Nigeria: Central Bank stays put in November
At its 23–24 November meeting, the Monetary Policy Committee (MPC) of the Central Bank of Nigeria unanimously decided to maintain the monetary policy rate unchanged at 11.50%, in line with market expectations and on the heels of the second cut this year delivered at the previous September meeting. In addition, the Bank left the rest of policy parameters unchanged, with the asymmetric corridor remaining at plus 100 and minus 700 basis points around the monetary policy rate, the liquidity ratio at 30.00% and the cash reserve ratio at 27.50%.
Striking a balance between rising inflationary pressures and continuing to support the economy as it emerges from the Covid-19 blow underpinned the MPC’s decision. The economy slipped into recession in Q3, with GDP contracting again, yet at a softer pace than in Q2 as oil output declined to its lowest since 2016 amid compliance with the OPEC+ cut agreement. Despite the downturn, the Bank expects output to recover in Q4. Meanwhile, the MPC remained concerned about inflation, which has been rising steadily over the past few months—hitting a near three-year high of 14.2% in October—as pandemic-induced supply disruptions and structural factors such as inadequate infrastructure and power supply have fed through to price growth. That said, the Bank assessed that price pressures should abate going forward as domestic production recovers and the harvest season sets in, moderating food inflation in turn.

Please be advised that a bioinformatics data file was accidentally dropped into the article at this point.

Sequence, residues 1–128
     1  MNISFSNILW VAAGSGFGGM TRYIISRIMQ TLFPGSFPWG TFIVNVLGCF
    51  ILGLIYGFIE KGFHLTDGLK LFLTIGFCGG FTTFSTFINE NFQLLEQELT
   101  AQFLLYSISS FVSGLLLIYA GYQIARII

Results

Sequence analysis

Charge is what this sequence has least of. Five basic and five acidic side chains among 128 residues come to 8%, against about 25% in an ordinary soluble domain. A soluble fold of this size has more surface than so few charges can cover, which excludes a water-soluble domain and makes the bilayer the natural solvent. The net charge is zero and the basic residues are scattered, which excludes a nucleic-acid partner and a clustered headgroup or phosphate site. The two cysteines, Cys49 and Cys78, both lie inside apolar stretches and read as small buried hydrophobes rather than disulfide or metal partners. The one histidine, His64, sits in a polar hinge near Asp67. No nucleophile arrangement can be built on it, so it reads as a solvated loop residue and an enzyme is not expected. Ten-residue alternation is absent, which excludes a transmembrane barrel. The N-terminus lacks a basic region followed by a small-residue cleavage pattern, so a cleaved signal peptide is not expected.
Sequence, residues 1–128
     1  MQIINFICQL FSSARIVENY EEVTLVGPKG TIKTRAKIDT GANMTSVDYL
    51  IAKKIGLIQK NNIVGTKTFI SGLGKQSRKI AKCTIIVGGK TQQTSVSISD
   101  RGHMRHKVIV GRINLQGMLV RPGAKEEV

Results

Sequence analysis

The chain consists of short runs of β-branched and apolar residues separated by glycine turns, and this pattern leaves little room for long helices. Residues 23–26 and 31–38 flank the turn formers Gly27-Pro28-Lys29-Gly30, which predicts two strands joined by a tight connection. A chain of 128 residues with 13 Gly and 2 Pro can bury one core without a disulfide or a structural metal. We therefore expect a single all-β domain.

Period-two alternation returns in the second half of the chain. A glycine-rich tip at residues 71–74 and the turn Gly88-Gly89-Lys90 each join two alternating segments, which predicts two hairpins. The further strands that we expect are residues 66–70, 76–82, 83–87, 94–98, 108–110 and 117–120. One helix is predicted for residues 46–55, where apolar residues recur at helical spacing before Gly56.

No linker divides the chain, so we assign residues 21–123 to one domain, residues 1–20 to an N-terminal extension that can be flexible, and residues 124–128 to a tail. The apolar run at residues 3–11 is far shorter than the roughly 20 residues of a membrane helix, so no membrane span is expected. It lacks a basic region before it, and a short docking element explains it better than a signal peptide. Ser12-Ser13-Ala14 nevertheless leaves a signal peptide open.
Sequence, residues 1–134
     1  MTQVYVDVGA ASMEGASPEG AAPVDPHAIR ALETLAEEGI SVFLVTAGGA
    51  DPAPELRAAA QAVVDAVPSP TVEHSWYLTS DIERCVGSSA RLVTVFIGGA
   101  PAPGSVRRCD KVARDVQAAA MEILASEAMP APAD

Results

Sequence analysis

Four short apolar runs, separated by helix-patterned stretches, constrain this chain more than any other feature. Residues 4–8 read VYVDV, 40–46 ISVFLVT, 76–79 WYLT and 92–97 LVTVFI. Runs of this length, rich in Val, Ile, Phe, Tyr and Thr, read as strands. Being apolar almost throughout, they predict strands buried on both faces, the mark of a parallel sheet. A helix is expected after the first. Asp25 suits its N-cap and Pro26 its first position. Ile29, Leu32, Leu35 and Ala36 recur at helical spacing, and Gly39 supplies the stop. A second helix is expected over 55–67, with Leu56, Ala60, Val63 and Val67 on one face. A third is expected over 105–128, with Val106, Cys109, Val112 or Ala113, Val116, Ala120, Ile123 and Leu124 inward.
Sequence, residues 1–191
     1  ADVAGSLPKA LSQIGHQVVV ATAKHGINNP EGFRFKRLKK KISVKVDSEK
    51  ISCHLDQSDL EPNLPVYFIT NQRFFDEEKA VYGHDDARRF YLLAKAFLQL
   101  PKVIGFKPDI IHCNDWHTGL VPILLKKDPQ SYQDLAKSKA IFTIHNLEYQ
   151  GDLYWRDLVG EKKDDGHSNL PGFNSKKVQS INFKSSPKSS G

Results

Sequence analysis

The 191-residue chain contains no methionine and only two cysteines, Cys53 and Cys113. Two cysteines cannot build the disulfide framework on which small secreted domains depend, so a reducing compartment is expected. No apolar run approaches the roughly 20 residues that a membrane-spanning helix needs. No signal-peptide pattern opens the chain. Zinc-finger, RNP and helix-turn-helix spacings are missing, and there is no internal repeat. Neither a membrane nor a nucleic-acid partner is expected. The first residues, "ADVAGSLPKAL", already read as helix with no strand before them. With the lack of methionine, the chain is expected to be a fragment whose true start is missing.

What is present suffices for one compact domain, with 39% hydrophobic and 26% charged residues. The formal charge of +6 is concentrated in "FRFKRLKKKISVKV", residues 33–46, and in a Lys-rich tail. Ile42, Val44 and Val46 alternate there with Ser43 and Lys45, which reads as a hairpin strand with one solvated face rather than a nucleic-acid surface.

Looking ahead, the communiqué struck a relatively neutral tone in its forward guidance. The decision to stay put, however, enables previous cuts to permeate through the economy and will provide the Bank room to further assess their impact.
The next monetary policy meeting is scheduled for January 2021.